A prominent Uighur scholar jailed in China after speaking out against repression in his native Xinjiang was named on Tuesday as the winner of a prestigious international human rights award for his efforts to promote understanding and dialogue, The New York Times reports:
The scholar, Ilham Tohti, 46, an economics professor at a Beijing university at the time of his arrest in 2014, was selected by the Swiss-based Martin Ennals Foundation for its annual award, known as the Nobel of human rights prizes, in recognition of two decades of trying to foster better ties between Uighurs and Han Chinese.
“He has rejected separatism and violence, and sought reconciliation based on a respect for Uighur culture,” the foundation said in its announcement of the award, which flatly contradicts the Chinese government’s depiction of Mr. Tohti as a dangerous separatist propagating hatred and extremism.
Many pointed out that Tohti was a voice for moderation and understanding at a time of intense friction between Islam, the West and China, notes The South China Morning Post.
“The real shame of this situation is that by eliminating the moderate voice of Ilham Tohti, the Chinese government is in fact laying the groundwork for the very extremism it says it wants to prevent,” said Dick Oosting, chairman of the foundation that presents the award, named after a former secretary general of Amnesty International.
(right), an exiled human rights lawyer and friend of the jailed scholar, welcomed the award, The Guardian adds.
“It is definitely good news,” he said. “It won’t necessarily lead to an early release or have direct consequences but at least this kind of prize will make the international community more aware of Ilham Tohti. Every award is helpful to Chinese political prisoners and human rights defenders.”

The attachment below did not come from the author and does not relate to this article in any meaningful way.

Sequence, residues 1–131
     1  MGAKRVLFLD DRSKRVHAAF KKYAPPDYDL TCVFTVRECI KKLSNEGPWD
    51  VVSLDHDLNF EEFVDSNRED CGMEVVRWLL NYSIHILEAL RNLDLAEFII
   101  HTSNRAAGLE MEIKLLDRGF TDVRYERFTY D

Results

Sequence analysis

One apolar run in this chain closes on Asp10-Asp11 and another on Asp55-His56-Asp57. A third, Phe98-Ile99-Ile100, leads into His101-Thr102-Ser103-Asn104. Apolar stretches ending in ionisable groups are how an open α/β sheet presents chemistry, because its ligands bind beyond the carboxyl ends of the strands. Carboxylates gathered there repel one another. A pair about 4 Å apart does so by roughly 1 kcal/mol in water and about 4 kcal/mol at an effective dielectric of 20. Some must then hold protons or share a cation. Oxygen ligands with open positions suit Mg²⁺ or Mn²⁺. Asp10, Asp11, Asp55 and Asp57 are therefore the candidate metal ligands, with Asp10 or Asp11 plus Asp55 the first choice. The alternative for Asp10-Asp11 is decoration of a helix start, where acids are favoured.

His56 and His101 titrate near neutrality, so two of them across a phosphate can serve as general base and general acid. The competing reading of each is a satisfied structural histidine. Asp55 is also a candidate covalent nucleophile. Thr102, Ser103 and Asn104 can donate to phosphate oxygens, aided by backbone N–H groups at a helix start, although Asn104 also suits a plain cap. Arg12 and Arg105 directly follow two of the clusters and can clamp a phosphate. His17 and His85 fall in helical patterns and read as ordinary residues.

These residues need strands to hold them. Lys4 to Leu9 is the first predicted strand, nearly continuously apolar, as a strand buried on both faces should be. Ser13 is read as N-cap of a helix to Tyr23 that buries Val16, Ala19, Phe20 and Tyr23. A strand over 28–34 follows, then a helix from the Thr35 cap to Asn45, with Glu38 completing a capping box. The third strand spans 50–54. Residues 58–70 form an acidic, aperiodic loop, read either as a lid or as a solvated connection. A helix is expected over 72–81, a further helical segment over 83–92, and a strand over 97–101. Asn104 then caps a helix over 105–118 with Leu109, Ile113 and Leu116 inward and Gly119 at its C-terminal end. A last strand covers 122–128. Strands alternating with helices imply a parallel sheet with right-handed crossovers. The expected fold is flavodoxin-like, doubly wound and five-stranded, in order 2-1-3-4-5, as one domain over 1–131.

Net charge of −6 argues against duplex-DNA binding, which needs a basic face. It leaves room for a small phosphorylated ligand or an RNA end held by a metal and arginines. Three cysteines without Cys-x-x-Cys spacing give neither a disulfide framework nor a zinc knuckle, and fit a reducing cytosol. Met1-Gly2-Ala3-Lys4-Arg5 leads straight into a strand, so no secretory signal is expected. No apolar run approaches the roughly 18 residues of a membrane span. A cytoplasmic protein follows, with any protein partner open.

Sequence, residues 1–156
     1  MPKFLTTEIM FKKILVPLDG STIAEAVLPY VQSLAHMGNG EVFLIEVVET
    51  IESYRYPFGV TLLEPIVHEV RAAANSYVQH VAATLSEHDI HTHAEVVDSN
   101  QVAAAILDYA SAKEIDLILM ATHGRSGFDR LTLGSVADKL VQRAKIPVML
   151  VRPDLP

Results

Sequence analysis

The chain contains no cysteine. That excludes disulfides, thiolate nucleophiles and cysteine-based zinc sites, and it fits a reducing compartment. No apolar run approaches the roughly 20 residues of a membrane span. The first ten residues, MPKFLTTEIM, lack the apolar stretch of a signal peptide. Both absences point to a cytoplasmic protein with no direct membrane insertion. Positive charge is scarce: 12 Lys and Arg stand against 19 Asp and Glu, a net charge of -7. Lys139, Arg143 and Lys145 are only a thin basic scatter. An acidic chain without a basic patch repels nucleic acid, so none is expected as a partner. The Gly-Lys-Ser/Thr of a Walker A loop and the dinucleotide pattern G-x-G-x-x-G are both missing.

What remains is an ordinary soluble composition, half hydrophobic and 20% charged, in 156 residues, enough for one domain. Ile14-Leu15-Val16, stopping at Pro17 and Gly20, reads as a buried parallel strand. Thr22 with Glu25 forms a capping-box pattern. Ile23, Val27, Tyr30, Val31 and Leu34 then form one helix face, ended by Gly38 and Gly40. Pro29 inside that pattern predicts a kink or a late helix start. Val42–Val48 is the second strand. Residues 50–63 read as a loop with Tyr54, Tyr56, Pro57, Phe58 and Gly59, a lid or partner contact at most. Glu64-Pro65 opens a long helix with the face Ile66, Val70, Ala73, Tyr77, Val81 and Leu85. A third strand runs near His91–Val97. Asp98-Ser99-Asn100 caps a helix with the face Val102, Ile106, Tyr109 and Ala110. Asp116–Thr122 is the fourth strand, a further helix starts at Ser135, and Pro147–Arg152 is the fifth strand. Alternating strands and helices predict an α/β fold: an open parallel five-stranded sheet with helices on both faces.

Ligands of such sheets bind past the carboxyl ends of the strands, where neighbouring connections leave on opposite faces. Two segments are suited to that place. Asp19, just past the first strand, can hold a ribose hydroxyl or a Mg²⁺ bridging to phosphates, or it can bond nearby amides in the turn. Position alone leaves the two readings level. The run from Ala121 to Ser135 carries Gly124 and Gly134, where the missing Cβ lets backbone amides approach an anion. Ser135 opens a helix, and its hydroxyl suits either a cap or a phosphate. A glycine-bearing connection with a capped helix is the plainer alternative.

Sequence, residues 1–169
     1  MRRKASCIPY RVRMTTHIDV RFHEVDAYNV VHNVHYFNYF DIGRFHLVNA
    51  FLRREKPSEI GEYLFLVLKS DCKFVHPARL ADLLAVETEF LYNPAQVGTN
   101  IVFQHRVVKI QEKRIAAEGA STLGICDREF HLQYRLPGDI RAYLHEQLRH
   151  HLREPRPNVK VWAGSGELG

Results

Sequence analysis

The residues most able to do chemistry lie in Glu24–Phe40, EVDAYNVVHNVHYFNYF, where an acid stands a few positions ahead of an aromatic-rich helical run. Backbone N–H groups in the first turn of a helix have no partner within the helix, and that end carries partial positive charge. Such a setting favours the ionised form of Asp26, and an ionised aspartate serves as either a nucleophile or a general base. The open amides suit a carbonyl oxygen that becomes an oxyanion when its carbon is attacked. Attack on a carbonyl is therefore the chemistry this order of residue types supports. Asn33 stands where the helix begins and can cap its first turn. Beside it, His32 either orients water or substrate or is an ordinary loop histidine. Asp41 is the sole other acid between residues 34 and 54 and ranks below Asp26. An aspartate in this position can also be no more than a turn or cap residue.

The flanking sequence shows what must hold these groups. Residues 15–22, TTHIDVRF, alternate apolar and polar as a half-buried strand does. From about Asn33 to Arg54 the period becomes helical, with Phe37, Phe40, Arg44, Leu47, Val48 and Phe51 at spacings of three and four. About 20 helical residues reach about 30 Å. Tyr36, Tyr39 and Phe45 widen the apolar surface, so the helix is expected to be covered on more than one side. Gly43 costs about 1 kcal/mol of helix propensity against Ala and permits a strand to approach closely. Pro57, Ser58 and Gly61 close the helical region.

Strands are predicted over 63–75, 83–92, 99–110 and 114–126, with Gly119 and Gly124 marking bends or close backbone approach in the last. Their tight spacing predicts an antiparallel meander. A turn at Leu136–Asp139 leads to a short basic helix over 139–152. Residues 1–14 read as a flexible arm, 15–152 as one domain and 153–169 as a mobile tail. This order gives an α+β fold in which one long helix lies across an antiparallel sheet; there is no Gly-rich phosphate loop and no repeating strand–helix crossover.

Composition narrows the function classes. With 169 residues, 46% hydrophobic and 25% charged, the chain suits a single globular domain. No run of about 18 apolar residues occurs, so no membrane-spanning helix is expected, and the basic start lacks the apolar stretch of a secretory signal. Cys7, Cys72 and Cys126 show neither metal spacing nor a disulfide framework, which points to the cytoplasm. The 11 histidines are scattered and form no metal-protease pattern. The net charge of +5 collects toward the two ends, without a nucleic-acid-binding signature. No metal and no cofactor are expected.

Teng said his friend had attempted to address the causes of the bloodshed [of the 2014 people’s war on terror”] by serving as a “bridge to connect Uighurs and Han Chinese”.
“He was never a radical. He never resorted to violence or extreme ideas.”
Two other finalists received consolation Martin Ennals Prizes, notes Human Rights Watch:
Razan has dedicated her life to defending political prisoners, documenting violations, and helping others free themselves from oppression. She founded the Violations Documentation Center (VDC), which documents the death toll and ill-treatment in Syria’s prisons. She had started to cover all sides in the conflict when she was kidnapped, alongside with her husband and two colleagues, on 9 December 2013. Her whereabouts remain unknown.
Kality prison in Ethiopia, has 8 zones and holds many journalists and political prisoners. 9 young activists called themselves ‘Zone 9’ as a symbol for Ethiopia as a whole. They document human rights abuses and shed light on the situation of political prisoners in Ethiopia. Six of its members were arrested and charged with terrorism. Although they have now been released, three are in exile while four of the six remaining in in Ethiopia are still facing charges and are banned from travel.